One of the few benefits of being me (and there are very few!) is that occasionally someone will design something cool and contact me to have a closer look at it. This happened recently when Adrian from damneddesigns.com contacted me and asked me to have a look at some of his designs. Naturally, I was intrigued- read on to see what I got and what I thought.
Despite being a recent entry in our world, the Roxon KS may seem familiar to some. It should. We've seen the crisp design elements, tanto blade, and monster scissors before. Bearing an undeniable resemblance to its chubbier sibling, let's take a closer look at the S501.
It seems that more and more companies are giving the multi-tool format a whirl. In recent years, Ganzo is yet another company producing these useful and quirky steel butterflies.
In an attempt to gauge their quality, usability, and value, we will be looking at their most expensive and popular multi-tool, the G302-B.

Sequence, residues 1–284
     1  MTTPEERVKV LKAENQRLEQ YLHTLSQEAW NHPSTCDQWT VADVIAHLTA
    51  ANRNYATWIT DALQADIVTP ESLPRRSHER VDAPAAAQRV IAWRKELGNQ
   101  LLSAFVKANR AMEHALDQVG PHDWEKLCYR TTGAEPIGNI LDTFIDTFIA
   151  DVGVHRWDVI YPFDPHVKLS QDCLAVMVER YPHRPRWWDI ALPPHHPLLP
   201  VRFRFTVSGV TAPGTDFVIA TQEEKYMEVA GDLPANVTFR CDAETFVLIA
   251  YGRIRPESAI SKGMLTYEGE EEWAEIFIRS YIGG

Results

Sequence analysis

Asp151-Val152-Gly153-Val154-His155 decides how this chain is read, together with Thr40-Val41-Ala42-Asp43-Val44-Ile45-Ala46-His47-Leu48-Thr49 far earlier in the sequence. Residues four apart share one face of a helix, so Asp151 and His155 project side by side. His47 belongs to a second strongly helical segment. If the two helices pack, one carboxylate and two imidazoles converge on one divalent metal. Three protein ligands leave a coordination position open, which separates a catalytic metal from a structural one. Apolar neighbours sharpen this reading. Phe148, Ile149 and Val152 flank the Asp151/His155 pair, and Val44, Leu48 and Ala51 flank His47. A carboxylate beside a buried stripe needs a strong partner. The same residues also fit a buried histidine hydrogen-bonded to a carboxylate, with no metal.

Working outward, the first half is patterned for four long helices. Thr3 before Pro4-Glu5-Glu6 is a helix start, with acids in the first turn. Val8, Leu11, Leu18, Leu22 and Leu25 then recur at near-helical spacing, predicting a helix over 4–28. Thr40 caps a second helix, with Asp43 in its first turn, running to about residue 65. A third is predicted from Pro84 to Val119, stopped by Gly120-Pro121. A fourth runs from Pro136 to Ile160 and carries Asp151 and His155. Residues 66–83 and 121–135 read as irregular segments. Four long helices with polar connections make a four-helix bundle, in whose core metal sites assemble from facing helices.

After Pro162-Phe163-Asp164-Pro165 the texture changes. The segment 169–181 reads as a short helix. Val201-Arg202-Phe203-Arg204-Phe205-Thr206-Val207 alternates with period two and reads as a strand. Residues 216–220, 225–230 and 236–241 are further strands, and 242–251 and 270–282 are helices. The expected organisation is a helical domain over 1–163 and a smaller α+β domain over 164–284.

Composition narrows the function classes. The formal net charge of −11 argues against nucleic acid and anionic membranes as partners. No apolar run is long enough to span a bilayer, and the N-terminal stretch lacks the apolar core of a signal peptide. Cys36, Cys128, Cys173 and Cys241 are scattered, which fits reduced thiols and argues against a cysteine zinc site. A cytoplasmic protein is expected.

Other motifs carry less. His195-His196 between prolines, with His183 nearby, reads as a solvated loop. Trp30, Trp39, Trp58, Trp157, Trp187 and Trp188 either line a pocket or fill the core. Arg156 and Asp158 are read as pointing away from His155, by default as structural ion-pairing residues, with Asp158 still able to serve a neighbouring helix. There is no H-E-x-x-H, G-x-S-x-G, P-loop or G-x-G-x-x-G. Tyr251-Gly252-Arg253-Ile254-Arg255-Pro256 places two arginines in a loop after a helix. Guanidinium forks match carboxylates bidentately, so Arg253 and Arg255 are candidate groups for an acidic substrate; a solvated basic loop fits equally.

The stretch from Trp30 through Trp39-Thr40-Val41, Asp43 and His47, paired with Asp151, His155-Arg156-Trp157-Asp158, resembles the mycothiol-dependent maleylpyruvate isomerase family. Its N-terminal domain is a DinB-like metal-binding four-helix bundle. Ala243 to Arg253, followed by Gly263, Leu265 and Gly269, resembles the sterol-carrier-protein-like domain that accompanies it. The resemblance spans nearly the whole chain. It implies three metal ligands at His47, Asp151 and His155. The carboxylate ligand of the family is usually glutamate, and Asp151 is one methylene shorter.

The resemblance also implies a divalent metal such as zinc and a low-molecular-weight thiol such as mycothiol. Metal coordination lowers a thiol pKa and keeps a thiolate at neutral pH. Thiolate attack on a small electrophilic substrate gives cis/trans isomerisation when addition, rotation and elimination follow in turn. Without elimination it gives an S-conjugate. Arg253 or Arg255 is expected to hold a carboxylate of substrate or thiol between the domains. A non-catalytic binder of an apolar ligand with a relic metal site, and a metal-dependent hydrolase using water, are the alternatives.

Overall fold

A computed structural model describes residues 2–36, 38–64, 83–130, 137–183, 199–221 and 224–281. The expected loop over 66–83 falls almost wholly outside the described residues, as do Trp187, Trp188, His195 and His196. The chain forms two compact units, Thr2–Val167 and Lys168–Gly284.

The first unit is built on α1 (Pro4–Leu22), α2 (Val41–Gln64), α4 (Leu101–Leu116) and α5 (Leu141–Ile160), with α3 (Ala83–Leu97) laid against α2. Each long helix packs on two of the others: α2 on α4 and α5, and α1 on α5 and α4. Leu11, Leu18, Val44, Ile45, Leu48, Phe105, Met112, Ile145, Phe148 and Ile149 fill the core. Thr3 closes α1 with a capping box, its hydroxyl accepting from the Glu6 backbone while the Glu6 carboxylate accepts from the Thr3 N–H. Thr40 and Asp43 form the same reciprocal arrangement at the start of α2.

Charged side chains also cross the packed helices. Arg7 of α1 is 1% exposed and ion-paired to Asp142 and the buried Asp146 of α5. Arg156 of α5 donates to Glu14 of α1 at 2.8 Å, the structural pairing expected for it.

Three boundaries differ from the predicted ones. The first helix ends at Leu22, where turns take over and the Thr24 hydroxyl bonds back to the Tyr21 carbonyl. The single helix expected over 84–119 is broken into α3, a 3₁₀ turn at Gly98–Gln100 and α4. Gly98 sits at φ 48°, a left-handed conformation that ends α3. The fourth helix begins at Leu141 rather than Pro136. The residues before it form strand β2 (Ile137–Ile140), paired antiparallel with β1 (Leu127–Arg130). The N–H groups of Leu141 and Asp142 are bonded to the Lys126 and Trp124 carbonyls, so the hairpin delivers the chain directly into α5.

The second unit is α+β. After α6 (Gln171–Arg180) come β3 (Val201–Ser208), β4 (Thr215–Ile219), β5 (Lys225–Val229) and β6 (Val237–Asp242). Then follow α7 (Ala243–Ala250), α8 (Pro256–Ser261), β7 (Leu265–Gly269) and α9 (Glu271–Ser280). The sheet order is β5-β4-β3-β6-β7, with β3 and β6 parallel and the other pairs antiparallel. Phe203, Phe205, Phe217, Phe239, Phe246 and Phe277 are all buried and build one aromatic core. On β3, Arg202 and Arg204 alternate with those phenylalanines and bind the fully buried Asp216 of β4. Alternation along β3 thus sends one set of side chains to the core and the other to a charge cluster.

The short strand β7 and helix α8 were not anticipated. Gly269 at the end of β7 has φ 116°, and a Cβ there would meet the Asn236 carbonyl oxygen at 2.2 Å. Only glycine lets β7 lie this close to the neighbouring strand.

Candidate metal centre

Back in the golden age of multitools; we'll say late 90s early 2000s there was a lot of manufacturers getting in on the game. Everyone from Buck to Kershaw was producing a multitool and some of the designs were very forward thinking. Schrade cutlery was one of those companies and they produced what they called the Tough tools. Both the Tough Tool and the Tough Chip did well for the company and we're proudly made in the USA.
Schrade had some financial struggles and was purchased by Taylor Brands LLC back in 2004. Taylor kept a lot of the lines alive that Schrade had such as Old Timer and Uncle Henry. Manufacturing was moved overseas and we saw quality control take a dip. Schrade continued to manufacture the Tough Tools but they don't have the durability of the once famed brand.
In the first quarter of 2016 Schrade brought some new products to the market which included some multitools. One of those new tools was the Schrade ST11. The ST11 or Schrade Tough Tool Multitool; is an interesting new take on an old design.
Multitools comes in a vast variety of shapes and sizes and certainly have had a lot of changes to them since the first Leatherman was issued. In spite of all those changes the general look and functionality hasn't deviated much. Tools are usually clumped into two categories; Swiss Army style or plier based which is what most people associate with.